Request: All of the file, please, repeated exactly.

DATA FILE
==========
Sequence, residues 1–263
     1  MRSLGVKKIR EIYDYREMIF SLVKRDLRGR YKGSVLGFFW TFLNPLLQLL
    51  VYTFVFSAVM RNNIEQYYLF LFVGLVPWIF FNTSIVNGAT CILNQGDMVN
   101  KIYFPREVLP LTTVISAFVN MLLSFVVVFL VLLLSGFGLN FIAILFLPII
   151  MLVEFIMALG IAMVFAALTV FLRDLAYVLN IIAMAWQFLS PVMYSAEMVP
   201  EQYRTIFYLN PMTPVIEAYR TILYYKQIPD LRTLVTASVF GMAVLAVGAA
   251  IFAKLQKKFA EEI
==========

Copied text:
Sequence, residues 1–263
     1  MRSLGVKKIR EIYDYREMIF SLVKRDLRGR YKGSVLGFFW TFLNPLLQLL
    51  VYTFVFSAVM RNNIEQYYLF LFVGLVPWIF FNTSIVNGAT CILNQGDMVN
   101  KIYFPREVLP LTTVISAFVN MLLSFVVVFL VLLLSGFGLN FIAILFLPII
   151  MLVEFIMALG IAMVFAALTV FLRDLAYVLN IIAMAWQFLS PVMYSAEMVP
   201  EQYRTIFYLN PMTPVIEAYR TILYYKQIPD LRTLVTASVF GMAVLAVGAA
   251  IFAKLQKKFA EEI